I love family. I love learning. I love food. This is simply a collection of thoughts, memories, and recipes that are a piece of me!

Saturday, December 24, 2011

Dip-ity Doing

I just wanted to put up a very quick, delicious dip recipe my family has been making and loving for years.  It's super yummy and so very simple that I hate to even call it a recipe.

What you'll need:
2 blocks of cream cheese
a package of sliced ham
a few green onions

Let your cream cheese get to room temperature so it's easy to mix.  Dice up about half of a package of the ham into pretty small pieces.  Chop up the green parts of the green onions.  I actually make it easy on myself and just snip them up with kitchen scissors.  Mix it all together, let it chill overnight so the flavors will marry, and serve with Ritz!  So good...so simple.

Wednesday, December 21, 2011

Bagels, baby!

 Few things in life make me as genuinely happy as the smell of yeast.  If there were a yeast scented candle, I'd burn it.  If there were a yeast scented perfume, I wouldn't wear it, but I would spray it around my house every morning.  I love it.  Something about it warms my soul.  I think it just reminds me of being a little kid and my mom and grandma making cinnamon rolls right before a big family reunion.  Regardless of what it is, if there's a bread product I can make with yeast, I want to learn how to do it.  For years after I got married, I tried to keep bagels in the house.  The hubs is a big fan.  It occurred to me one day, however, that bagels had yeast in them...and that equals deliciousness.  Hence, this bagel recipe has become quite a staple in my house.  I will admit, when I first saw this technique, I was skeptical.  Trust me, though.  It works, and it's so yummy!

What you'll need:
4 1/2 cups of flour
2 packages (or 4 tsp) of yeast
1 1/2 cups of warm water 
1 tbsp of salt
3 tbsp of sugar

And whatever else (if anything) you want to add!

You will also need a gallon of water and another tbsp of sugar later.

This yeast recipe is a bit different than most.  Generally speaking, you're going to mix your yeast and water, let the yeast "bloom" (like with cinnamon rolls) and then add it to the flour.  Not this time.  This time, you're going to add your yeast to 1 1/12 cups of flour in a nice big bowl.  Mix the two together and set aside.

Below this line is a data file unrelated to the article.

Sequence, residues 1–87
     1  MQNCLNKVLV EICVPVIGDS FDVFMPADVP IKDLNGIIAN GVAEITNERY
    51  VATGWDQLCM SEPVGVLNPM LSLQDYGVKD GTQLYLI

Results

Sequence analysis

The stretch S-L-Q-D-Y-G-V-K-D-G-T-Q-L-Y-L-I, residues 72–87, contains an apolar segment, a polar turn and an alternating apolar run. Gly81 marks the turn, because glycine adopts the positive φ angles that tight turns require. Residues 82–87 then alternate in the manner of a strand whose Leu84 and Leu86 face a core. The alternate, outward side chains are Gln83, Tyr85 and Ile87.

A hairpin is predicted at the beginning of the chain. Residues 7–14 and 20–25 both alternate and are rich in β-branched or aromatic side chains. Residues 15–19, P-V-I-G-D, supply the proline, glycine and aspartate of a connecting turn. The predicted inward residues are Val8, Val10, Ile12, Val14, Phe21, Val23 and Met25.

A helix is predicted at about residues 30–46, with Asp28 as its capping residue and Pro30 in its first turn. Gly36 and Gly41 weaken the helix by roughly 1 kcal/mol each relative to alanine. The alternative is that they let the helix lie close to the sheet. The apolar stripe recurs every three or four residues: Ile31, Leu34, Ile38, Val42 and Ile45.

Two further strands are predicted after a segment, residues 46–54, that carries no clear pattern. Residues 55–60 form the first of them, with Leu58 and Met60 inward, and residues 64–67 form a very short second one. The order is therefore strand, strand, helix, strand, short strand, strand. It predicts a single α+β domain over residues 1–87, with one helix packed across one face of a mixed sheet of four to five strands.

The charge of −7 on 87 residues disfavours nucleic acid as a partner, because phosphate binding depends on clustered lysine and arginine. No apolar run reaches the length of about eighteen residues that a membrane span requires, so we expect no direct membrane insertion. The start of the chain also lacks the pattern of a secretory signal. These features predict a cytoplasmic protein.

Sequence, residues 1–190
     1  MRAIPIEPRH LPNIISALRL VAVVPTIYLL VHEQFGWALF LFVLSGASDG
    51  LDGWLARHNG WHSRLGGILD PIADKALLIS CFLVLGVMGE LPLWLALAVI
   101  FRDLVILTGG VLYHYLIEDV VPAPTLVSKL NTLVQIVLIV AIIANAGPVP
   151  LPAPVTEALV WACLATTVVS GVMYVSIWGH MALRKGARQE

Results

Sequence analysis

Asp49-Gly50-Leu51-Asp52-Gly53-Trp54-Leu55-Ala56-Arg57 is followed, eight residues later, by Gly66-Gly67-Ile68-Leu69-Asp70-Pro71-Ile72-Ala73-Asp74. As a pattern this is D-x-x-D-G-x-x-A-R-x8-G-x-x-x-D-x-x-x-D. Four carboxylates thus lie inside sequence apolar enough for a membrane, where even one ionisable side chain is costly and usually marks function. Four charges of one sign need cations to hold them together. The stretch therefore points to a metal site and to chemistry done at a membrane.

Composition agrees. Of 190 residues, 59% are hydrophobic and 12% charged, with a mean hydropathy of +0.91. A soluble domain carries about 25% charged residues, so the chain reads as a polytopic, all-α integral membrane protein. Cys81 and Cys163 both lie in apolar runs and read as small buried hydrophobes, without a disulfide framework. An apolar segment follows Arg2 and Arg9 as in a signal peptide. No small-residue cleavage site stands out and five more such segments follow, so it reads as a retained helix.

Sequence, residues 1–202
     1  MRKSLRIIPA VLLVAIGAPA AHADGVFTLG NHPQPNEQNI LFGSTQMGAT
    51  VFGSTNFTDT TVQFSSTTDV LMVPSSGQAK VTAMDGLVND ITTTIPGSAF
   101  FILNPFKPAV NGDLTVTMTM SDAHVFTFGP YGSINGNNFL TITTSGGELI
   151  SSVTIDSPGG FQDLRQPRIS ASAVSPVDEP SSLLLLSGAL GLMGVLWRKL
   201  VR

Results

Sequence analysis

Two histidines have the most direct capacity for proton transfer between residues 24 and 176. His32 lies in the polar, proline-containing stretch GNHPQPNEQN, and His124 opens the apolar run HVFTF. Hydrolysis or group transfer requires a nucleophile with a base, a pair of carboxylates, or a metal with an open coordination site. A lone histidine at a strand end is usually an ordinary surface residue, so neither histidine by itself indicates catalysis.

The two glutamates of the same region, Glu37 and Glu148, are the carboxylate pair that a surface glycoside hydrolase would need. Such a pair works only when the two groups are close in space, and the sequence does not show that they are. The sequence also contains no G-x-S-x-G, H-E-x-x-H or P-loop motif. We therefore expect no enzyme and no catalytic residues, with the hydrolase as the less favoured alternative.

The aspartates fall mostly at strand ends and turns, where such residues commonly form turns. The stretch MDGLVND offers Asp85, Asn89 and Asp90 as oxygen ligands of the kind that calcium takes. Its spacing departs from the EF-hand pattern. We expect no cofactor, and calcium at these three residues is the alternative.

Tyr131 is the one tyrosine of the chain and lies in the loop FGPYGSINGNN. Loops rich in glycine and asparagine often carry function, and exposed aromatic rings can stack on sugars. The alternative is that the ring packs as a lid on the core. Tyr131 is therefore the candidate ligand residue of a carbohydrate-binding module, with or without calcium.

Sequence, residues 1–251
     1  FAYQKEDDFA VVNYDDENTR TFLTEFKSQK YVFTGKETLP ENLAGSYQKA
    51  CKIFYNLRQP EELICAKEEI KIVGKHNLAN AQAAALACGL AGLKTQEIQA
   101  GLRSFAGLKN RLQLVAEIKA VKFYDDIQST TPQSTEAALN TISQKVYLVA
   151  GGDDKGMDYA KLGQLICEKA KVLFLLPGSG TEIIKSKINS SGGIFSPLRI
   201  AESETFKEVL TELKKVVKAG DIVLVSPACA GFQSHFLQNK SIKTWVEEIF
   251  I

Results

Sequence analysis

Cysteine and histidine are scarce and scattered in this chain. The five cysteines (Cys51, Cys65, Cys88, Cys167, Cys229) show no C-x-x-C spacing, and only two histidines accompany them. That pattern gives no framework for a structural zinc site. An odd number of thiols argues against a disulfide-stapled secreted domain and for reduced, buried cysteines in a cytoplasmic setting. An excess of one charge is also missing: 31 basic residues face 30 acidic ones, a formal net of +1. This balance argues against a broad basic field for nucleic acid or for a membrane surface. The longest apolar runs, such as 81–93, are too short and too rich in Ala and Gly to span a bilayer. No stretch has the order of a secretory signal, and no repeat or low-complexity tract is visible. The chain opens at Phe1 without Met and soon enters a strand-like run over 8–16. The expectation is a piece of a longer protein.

Mix your water, salt, and 3 tbsp of sugar together and mix it up until the sugar and salt dissolve.  Once dissolved, add the salty sugar water to your flour and yeast.  Combine, then mix on high for three minutes.  It's going to be really runny- not like a dough at all.

Now by hand, mix in 2 1/2 cups of flour.  This is very important.  Do NOT add all the flour right now.  This took me several fails to figure out why my bagels were really tough.  You have to knead your dough on a floured surface, so I reserve that last 1/2 cup to flour my counter top.  If I don't, I will end up with too much in the dough, and we will all be eating bagel flavored rocks.

Knead for 8 minutes or so- just until the dough is like elastic.

Toward the end of your kneading, you can add any little additions you'd like.  Some great examples would be dried cranberries, cinnamon, or pecans.  (If you're going to add cheese, do it before baking instead of now.)  

Once kneaded, cover your dough ball with a damp cloth and let rest for 15 minutes.  After they rest, you're going to cut it into 8 equal pieces and form your bagels.  Don't fret.  They are going to be tiny little things.  They grow.  Cover again, and let rise for 20 minutes.  While they are rising, get a great big pot, pour in a gallon of water, and get 'er a boiling.

When your bagels have risen a bit and your water is boiling all nice and big, add your last tbsp of sugar to your water, and start dropping in your dough just a few bagels at a time!  Seriously.  You're going to boil your dough.  Gross, right?  It was so nasty sounding to me, too.  Something about the boiling stage makes the outside super chewy and amazingly delicious though.

Boil them for about 3 to 4 minutes.  Flip, and boil another 3 minutes.  Take them out to drain a bit on a towel.

This is a bit of a tedious process.  Find something productive to do between flips....like work on your blog.  

Once they've all been boiled, bake on a greased baking dish (I used a big 9x13 glass dish and two glass pie plates.  I tried cookie sheets, but they burned every single time.  Glass just works better.) at 350 for 20 to 25 minutes.  When they are browned on the bottom, flip them and cook another 15 minutes or so, just until browned on both sides. 

These are so yummy, especially fresh from the oven with some cream cheese.  These can also be formed into just balls and used as bread bowls!  Enjoy this delicious warmness and the unbelievable scent of yeast as it fills your home!

Saturday, December 17, 2011

The Best Hot Chocolate In the World.